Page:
The Iranian regime continued to give the impression that it was in control of negotiations with six world powers about its nuclear program on Monday, when Foreign Ministry spokesman Saeed Khatibzadeh rejected the notion that ongoing discussions in Vienna might result in an interim agreement that prevents the total collapse of the 2015 Iran nuclear deal but fails to restore full compliance with it. That agreement has more or less been on life support since 2018, when then U.S. President Donald Trump halted participation by the U.S. and began re-imposing and expanding economic sanctions.
Although Britain, France, Germany, Russia, and China all remained as participants in the Joint Comprehensive Plan of Action, Tehran soon began violating its commitments and eventually advanced the country’s nuclear program to the point of exceeding previous high levels of uranium enrichment. Tehran also installed new “cascades” of advanced centrifuges which could greatly accelerate the process of further enriching uranium to weapons grade, and has produced small quantities of uranium metal, a substance with virtually no practical role other than as a component of a nuclear warhead.
All of this has helped to fuel public concern over “breakout” window for nuclear weapons capability in Iran, prompting officials from the US, Britain, France, and Germany to warn that time was running short for the Vienna talks, and that Tehran would have to begin negotiating in “good faith” in order to salvage them. Some officials even went so far as to say that military action was on the table if the regime in Iran did not step back from its demands for comprehensive, up-front sanctions relief without any precondition. However, there is presently little to no evidence that there has been a change in the regime’s approach to negotiations, yet all parties to the Vienna talks are either lauding their progress or showing renewed interest in extending the process in hopes of a breakthrough.
If there is any sign of change from Tehran, it comes in the form of Khatibzadeh’s statement that there has been progress on “all four issues” during the most recent round of negotiations, the second to be held in Vienna since the overall process resumed in late November following a five-month pause initiated by selected president Ebrahim Raisi. So far, his administration has been saying that it expected the latest talks to focus solely on one issue: the lifting of sanctions. However, in clarifying his account of recent progress, the Foreign Ministry spokesman identified “nuclear issues” as one of the topics of discussion.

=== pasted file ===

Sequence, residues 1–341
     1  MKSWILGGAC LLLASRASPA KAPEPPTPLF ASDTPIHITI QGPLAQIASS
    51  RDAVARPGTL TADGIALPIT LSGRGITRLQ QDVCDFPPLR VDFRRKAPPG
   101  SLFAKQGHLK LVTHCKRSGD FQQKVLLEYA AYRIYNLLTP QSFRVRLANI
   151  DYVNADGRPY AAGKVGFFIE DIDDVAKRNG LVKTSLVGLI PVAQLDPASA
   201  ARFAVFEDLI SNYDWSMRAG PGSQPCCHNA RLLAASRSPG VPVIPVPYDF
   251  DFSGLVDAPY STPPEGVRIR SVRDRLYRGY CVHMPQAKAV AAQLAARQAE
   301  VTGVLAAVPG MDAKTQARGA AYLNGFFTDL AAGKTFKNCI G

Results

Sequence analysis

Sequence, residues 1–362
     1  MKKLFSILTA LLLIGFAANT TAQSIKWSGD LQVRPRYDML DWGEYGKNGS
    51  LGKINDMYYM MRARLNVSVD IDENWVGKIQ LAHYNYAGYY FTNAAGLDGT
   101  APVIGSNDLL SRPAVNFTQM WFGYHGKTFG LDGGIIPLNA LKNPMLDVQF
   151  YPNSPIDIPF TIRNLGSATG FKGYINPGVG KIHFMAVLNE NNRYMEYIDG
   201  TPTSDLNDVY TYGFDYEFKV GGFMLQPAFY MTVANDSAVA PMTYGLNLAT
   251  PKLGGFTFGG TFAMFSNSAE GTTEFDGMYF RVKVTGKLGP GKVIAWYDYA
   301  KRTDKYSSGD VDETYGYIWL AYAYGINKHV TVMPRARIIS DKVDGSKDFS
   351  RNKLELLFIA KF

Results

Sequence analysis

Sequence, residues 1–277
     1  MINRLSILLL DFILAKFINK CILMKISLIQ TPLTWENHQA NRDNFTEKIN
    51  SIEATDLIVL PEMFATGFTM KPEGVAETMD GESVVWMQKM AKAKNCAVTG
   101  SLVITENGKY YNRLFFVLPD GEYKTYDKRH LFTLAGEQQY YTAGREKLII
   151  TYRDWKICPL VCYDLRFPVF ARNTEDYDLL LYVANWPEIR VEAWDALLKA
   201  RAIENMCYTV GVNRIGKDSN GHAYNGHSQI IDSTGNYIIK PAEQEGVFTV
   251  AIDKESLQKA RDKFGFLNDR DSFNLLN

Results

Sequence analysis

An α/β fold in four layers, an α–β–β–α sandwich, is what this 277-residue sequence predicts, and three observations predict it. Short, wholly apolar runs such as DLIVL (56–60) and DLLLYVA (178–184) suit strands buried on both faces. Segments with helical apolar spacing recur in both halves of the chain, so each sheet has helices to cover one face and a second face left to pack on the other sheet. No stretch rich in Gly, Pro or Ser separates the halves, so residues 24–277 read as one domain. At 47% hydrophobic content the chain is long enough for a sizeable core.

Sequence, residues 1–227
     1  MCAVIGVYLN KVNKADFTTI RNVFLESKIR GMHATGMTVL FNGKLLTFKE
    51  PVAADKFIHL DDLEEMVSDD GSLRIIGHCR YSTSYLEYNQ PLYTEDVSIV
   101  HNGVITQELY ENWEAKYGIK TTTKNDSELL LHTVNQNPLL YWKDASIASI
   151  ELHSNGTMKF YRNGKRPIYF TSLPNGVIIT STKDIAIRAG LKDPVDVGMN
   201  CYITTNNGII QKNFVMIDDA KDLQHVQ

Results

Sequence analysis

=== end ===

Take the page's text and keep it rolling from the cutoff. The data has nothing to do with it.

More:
The regime’s critics are unlikely to view this as a significant concession, though. Each of the three other issues Khatibzadeh mentioned were merely variations on the regime’s core demand. He asserted that “good progress” had been made toward “removing sanctions” and also providing Tehran with “verification” and “guarantees” regarding the effects and longevity of the relief in question. Whereas Khatibzadeh described this supposed progress as “the result of the efforts made by all parties to reach a stable agreement,” his boss at the Foreign Ministry assumed a more confrontational tone in commenting on the same topic.
Regime Foreign Minister Hossein Amir-Abdollahian credited “the initiatives of the Iranian side” with compelling Western powers to scale back their own demands. He characterized French negotiators as having played “the role of the bad cop” in previous rounds of negotiations, but said that France was now “behaving reasonably.” He also boasted that the US was accepting the “realities” of the situation that underlies this negotiation, thereby implying that the regime has greater leverage in the talks than was previously acknowledged.
Signs of that confidence appeared last week when officials of the Iranian regime demanded that South Korea release frozen assets, regardless of the status of US sanctions and the outcome of the Vienna talks. Also last week, the regime announced its expectation that current and former US officials, including Donald Trump, face trial in an “Islamic court” over the January 2020 elimination of Iranian regime’s top terrorist commander, Qassem Soleimani. On Monday, Iranian authorities doubled down by announcing their own sanctions on more than 50 Americans.
The US quickly responded to that announcement by accusing the regime in Tehran of “threats and provocations,” and White House National Security Advisor Jake Sullivan underscored that Tehran would face “severe consequences” for any attacks upon the sanctioned individuals or any other US sanctions, by the Iranian regime itself or by any of its regional proxies.
By all accounts, nothing has meaningfully changed in the more than six weeks since Vienna talks resumed – at least not in ways that benefit the Western negotiating parties. In fact, US officials spoke to their South Korean counterparts right around the time of Iran’s demand for unfrozen assets, leading to much speculation that the White House was on the verge of defying the advice offered by all of Tehran’s most serious critics, and offering new, unearned concessions as a means of keeping the clerical regime present at negotiations they have continually handled like a cat and mouse game as Iranians call it.